Startmate Demo Day: We’re back to focusing on real world businesses
PItching season in Sydney comes around just like hunting season. But instead of Elmer Fudd with a shotgun, we have eager founders with powerpoint decks. Pitching season is the engine of our growing startup ecosystem – it injects money into growing businesses, it propels good ideas forward and showcases the best our local founders have to offer. But most importantly, it separates the diamonds from the coal. Startmate Demo Day is particularly good at the latter, and therefore one of my favourite pitching events to attend.
Startmate is a very special organisation for the Australian innovation ecosystem. For those who are not yet familiar, Startmate is made up of an interesting group of startup executives, many with several businesses and exits under their belts. And if you think that it’s an undiverse board, think again: out of the 39 executives listed on their website, one whole one is a woman! So that brings the grand total of 2% females on their leadership team, which is more than we can say about Disney – an organisation that has more princesses in their movies than they do women in their boardroom. However, we can agree that Startmate could benefit from being more inclusive in the future. I’m looking forward to seeing what the team will look like in 2016.
As run by Niki Scevak, startup superstar and all-around amazing human, Startmate’s first priority is to shine a global light on Australia’s growing tech industry. This is what makes the year-long programme so unique – the startups that make is through the rigorous application process will spend the first 6 months incubating in Australia and the last 6 months in California. “We grow Australian teams who want to be the best in the world,” says Scevak, as he opens Startmate Demo Day 2015 at the Cell Block Theatre. It’s an admirable mission statement and one that should echo with the rest of the industry.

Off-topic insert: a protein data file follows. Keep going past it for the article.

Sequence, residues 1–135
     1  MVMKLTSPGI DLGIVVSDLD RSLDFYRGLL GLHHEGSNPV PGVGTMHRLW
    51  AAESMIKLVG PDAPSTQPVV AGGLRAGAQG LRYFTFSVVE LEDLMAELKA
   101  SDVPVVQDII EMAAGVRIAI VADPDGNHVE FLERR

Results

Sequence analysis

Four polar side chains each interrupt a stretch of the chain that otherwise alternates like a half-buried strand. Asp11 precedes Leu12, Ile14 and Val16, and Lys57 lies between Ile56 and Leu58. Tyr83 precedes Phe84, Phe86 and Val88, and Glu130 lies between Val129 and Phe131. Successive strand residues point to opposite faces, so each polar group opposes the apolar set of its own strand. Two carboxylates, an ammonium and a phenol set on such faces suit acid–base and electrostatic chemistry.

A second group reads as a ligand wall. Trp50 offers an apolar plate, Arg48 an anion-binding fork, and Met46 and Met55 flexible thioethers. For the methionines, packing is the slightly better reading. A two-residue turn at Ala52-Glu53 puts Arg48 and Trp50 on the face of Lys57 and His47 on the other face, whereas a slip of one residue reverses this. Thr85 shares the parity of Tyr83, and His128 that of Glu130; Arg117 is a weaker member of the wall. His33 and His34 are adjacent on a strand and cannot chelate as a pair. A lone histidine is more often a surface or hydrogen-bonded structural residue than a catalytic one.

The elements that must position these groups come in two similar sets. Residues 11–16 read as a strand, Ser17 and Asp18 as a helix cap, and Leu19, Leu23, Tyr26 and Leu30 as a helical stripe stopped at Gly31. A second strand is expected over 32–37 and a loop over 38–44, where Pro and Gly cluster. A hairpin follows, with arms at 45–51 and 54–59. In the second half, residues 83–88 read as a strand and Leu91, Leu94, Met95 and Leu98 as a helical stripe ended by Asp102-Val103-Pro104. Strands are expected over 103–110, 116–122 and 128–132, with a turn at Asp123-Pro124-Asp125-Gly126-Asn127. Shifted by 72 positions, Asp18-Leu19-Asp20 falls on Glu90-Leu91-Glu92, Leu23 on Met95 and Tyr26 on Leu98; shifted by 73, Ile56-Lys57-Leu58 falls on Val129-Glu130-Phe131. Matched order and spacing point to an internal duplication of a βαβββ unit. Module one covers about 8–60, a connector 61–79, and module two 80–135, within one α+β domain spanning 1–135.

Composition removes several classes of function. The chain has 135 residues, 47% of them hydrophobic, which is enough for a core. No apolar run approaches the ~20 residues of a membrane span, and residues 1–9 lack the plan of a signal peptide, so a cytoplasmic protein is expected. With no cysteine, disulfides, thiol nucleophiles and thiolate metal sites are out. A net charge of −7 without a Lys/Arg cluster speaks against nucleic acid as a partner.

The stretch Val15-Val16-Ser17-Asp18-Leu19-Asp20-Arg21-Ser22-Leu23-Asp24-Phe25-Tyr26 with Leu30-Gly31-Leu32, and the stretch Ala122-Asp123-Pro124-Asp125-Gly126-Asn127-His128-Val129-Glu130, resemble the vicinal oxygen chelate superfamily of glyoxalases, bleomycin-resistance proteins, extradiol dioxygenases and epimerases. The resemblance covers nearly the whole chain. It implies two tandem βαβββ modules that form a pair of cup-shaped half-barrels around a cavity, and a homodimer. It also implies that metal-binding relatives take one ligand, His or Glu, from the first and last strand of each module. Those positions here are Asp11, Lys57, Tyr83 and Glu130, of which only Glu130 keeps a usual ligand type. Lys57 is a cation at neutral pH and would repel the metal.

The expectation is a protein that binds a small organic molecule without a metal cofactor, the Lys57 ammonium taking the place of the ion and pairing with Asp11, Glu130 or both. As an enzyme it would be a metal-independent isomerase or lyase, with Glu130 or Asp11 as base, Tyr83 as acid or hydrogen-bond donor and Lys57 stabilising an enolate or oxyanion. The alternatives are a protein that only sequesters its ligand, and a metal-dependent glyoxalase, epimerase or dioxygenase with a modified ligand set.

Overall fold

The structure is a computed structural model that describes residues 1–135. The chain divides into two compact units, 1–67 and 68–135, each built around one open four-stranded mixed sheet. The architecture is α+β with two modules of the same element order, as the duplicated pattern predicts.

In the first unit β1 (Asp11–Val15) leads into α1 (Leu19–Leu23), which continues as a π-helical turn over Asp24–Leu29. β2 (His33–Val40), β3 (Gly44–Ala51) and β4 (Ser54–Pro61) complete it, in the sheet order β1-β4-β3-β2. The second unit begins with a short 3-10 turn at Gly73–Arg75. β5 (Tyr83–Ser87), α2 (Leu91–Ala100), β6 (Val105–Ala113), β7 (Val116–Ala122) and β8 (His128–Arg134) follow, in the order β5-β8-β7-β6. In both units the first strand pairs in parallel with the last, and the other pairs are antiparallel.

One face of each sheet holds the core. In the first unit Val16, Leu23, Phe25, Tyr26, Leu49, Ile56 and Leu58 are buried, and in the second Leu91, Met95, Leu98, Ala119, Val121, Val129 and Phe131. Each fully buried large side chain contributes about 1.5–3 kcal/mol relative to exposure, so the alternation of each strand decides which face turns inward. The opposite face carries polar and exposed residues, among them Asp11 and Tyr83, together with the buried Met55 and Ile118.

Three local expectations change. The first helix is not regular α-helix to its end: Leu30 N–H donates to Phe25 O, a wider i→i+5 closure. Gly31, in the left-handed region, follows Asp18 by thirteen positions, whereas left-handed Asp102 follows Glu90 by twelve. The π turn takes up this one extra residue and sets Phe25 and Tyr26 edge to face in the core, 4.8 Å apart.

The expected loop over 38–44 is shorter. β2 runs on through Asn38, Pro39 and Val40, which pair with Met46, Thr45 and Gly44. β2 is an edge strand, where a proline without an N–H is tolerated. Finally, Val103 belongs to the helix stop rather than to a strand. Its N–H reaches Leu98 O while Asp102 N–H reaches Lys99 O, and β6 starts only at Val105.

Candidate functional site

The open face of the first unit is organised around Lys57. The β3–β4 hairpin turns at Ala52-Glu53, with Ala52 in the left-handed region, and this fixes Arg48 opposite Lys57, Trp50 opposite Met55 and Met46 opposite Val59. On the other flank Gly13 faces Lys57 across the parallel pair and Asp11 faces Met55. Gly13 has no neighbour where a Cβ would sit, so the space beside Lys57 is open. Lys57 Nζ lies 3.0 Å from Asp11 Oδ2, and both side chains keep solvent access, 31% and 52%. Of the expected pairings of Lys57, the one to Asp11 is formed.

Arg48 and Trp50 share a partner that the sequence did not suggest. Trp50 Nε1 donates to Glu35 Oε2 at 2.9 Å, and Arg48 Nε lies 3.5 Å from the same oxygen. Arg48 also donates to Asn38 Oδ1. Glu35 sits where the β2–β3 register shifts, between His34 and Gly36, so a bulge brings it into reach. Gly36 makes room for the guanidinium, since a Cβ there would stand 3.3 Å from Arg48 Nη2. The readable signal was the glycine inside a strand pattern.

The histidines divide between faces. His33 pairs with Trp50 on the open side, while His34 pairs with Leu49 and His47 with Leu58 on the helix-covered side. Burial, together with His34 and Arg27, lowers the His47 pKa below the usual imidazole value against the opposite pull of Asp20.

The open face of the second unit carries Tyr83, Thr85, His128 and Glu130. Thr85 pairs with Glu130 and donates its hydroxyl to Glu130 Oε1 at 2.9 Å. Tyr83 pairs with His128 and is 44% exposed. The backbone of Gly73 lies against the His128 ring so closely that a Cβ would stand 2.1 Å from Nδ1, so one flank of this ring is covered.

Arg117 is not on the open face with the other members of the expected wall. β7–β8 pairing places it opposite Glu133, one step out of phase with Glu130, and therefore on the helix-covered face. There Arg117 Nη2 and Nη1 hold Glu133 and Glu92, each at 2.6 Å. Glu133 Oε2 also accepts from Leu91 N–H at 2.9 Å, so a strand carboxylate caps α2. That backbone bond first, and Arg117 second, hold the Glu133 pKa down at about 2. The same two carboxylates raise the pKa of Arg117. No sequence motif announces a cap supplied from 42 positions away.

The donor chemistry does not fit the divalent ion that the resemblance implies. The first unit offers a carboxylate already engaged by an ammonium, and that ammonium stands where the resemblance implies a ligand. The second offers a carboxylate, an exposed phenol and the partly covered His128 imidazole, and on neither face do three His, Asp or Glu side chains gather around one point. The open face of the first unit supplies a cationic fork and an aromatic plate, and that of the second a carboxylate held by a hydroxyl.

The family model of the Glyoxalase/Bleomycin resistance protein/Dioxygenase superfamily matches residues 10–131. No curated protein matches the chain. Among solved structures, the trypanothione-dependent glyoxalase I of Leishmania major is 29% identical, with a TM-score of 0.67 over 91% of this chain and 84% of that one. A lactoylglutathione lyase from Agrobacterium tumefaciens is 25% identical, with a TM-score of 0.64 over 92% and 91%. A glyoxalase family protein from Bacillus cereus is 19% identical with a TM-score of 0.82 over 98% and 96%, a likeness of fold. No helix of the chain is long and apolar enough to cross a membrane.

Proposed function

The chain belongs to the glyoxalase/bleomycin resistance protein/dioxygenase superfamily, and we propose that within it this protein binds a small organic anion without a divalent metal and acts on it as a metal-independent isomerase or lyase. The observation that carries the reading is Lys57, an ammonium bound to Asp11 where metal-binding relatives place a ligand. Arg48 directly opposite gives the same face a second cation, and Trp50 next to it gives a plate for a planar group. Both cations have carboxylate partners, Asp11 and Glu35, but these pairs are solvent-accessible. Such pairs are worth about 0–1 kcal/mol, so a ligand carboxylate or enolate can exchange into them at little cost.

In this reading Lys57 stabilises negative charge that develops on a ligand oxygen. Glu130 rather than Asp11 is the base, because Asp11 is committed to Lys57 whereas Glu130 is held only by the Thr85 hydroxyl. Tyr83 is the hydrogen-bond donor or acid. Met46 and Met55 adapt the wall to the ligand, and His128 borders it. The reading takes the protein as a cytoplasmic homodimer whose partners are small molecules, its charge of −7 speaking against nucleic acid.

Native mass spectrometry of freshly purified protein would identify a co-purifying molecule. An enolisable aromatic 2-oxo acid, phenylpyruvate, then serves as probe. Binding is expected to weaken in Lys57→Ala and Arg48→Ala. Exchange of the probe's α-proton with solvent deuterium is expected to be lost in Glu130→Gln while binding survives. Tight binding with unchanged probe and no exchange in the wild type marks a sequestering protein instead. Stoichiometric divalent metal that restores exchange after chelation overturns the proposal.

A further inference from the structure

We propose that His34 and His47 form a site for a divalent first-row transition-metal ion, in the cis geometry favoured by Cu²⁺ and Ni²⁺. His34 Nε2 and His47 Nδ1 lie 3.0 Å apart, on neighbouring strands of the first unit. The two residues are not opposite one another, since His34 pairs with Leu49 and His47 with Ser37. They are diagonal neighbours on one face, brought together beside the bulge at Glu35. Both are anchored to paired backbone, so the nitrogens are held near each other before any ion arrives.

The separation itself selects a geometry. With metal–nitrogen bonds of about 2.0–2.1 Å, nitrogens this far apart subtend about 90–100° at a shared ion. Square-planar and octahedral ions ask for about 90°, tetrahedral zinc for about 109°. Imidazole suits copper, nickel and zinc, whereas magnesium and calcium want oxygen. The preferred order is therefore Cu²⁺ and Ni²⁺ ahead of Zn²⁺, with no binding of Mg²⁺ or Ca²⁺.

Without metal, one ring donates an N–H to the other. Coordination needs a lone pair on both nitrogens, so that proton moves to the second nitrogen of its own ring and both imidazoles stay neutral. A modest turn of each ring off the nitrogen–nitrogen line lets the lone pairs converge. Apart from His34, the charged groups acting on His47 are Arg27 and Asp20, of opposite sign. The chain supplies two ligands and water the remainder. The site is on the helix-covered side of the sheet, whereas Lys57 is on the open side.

Let’s see how they did this year.
Startmate’s class of 2015 put forward eight brand new startups, ranging from parenting tools to drone technology. The variety of pitches was wonderful and kept the evening flowing nicely. It’s refreshing to see that we are finally veering away from building platforms for platforms’ sake and really focusing on using the technology to solve problems. The most impressive part of this round of startups was the tangibility of the problems solved. WIth very pointed exceptions, which we will get to later, the founders were pitching whole businesses rather than products. We were off to a great start!
For the most part, the pitches did not dwell on the “tech” side of it, we were not meant to be dazzled by the bells and whistles but by simplicity of delivery. The tech was the spotlight shining on the true star of the night: simple, real world solutions we could relate to.
Gravity – helping fitness gurus monetise their audience. The idea is very simple: fitness gurus are great at fitness, bad at making money. Gravity allows fitness professionals to upload workouts and fitness contents onto their platform so it can be easily delivered to the end user. The user can then workout and follow the plans provided at his or her convenience. Gravity would work great as a mass-reaching platform, allowing fitness gurus to monestise more of their social media followers and not just reach private clients one-on-one. The only deterrent I would see with this one is the reliance on the Apple Watch. Apple is notoriously troublesome and secretive when it comes to third party applications. If Gravity decides to put all their fitness eggs on the Apple Watch’s basket, they will spend the rest of their lives following Apple’s whims around, which could potentially be risky.